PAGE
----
National Jazz Award winner Steve Wallace finished a hot set with pianist Eric Reed on a winter night, and I greeted him with Hey Steve, hows Canadas finest Bass player? He came right back with, That would be Dave Young. Cant argue with that. I just think of 1983 and the album Lenny Breau with Dave Young Live at Bourbon St., and of the excitement Dave gathers when he performs at clubs and festivals around Toronto. So his new album, Mainly Mingus, is welcome as flowers in spring.
The first cut is Oscar Pettiford, Mingus homage to the late great bassist, known for his superb intonation and melodic phrasing. This bop tune, melodic and hip, recalls Horace Silvers Sister Sadie. Perry Whites sax solo is penetrating, digging into the tune. I like it. Kevin Turcottes trumpet brings out the lyrical element, and Terry Clarke gives full percussive coverage to the soundstage. Dave Youngs commanding bass moves at a pretty good clip. His solo dances with Terry behind him on the high hat and snare, with Gary Williamson comping lightly on piano. With the two horns blowing in unison the overall feeling at the end is of a big band moving smoothly. Nice.
Wham Bam is not my fav tune but the boys in the band take the advantages it offers. Terry goes wild rolling while the horns open in unison. Kevin makes the first solo a declaration, his phrases drawn out at the end, singsong. Daves bass drives the whole thing. Gary, comping on piano, lays down a lot of scales fast, and makes a complex solo of short flat-tuned riffs, accented by Terrys rim shots which build into a wild jungle drum message, highly ornamented and intricate as the number closes out to a pounding doodlia-doodlia-bop-bop.
Two horn voices and Dave boom-booming in back bring out Mingus mellow eulogy to Lester Young, Goodbye Porkpie Hat. Slow solo by Kevin, sensitive, lyrical, repeating phrases with a slightly upbeat hipster swing as if to say Somebody is being missed but the swing shows hes still present. Garys piano solo, mainly right hand is delicate riffing, which sounds kind of Jewish and mournful. Daves solo has a speaking voice with a resounding twang at end of notesemotional.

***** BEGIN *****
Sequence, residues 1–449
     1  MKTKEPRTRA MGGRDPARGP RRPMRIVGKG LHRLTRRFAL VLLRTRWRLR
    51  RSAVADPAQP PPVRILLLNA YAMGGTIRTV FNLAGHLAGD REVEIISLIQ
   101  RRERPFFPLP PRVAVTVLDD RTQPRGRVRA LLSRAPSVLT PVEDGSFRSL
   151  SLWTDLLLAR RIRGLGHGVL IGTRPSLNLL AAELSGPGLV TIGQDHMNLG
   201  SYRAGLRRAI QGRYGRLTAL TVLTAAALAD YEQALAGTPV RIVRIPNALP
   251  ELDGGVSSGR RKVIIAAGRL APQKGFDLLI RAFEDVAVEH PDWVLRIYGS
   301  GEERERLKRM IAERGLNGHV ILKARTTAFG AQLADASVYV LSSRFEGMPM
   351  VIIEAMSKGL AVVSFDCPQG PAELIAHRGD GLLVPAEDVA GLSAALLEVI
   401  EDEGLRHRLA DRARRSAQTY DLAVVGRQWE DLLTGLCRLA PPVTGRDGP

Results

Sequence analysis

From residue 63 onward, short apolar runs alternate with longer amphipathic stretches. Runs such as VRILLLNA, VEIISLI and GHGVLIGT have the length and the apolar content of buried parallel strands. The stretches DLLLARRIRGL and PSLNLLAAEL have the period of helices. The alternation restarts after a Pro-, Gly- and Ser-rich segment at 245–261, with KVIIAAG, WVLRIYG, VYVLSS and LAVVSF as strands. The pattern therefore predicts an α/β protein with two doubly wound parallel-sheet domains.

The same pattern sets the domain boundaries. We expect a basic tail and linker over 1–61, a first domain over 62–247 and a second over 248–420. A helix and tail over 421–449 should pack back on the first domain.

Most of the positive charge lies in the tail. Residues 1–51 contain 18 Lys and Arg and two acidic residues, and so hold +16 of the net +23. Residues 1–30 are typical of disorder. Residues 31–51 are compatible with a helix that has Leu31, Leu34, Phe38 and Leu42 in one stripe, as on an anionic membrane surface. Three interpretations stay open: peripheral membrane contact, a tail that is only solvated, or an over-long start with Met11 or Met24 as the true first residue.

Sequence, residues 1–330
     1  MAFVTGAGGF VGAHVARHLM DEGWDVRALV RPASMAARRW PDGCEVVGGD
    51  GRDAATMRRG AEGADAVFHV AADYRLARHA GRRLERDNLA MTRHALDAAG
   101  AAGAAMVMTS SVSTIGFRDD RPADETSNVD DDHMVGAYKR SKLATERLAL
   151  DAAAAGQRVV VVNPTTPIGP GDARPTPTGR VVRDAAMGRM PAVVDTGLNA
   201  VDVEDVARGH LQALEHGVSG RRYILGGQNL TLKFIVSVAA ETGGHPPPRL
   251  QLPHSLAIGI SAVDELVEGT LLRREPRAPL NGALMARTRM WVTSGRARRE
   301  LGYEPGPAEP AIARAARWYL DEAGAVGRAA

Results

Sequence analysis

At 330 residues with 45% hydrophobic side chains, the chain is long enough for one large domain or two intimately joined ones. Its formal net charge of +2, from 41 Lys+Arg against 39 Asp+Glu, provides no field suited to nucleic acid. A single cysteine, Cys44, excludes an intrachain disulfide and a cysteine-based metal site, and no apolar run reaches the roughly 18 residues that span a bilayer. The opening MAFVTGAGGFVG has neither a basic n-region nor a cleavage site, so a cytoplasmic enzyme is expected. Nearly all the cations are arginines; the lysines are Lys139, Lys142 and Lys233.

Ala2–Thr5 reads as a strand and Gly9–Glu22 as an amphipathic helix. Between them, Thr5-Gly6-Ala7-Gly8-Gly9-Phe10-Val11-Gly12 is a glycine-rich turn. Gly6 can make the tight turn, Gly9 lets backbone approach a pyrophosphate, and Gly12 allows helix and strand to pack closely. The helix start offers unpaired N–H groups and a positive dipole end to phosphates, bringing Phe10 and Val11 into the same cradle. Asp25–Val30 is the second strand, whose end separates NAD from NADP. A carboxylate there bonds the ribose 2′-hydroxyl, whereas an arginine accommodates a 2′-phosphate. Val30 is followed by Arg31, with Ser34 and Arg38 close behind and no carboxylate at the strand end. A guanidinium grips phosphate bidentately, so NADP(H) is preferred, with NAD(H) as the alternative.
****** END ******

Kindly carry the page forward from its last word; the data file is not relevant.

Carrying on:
Nostalgia In Times Square has a kind of boppy Monkish swing to it, with Garys piano adding a kind of bluenote. Perrys solo swings with a whiney extended stretch at the end of a phrase, upward inflected, maybe referring to the Chinese in Mingus background. Gary comping percussive piano, trumpet is blue in a Louis sort of way; Kevins solo is lean and well constructed, beautiful tone with blues slurs alternating running up and down the scales, with short punchy riffs and lyrical phrases; Terry working on cymbals like nerves jangling. Daves long solo is of complex, subtle phrases, not much repetition, tremendous variety, constructed like the periodic sentences of the old time orators. Sounds a bit like Monks Well You Neednt.
Dave Youngs own 10 minute composition Bass Clef starts with the sound of traffic, piano leading off, complex melody carried by the horns, and develops along two alternating lines, one wild through sax and drums and one more exploratory through trumpet and piano with Dave building melody and structure flattening here, cooling there.
Self- portrait in Three Colors starts with the bass quiet and inquisitive, tentative and probing, asking questions. Horns come in with a pretty, reflective Mingus melody, kind of blue, drawn-out twangy, like Pork-pie, a sad tune. One of the lovelier pieces of the album. Piano picks up the blue tone of sensitivity to the point of pain lightly and steadily explored. Complex. Here is the one instance where Terrys drum seems a bit loud and intrusive.
All the Things Youd Be Right Now, If Sigmund Freuds Wife Was Your Mother, starts out like a kind of Dizzy G. tune, kind of bop, tuneless, up and down the scale, with a good beat. Dave does duo with Kevin, Dave playing the same note but a bit behind the trumpet, literally shadowing it. Perry picks up fast tempo, and things fall apart in an interesting way.
Cherokee Revisited. The other Dave tune, one minute, and nice fade away.
Mainly Mingus is not easy listening. It is complex, intellectual, musicianly. The music is straight, not very allusive to other better-known melodies. But its Mingus, for the new millennium. Under Dave Youngs direction, these A-list Canadian Musicians do a consistent job of making it new. Originally recorded in 2002 at Top O The Senator in Toronto by the CBC, very well engineered, and remastered in 2004. Rewards repeated listening.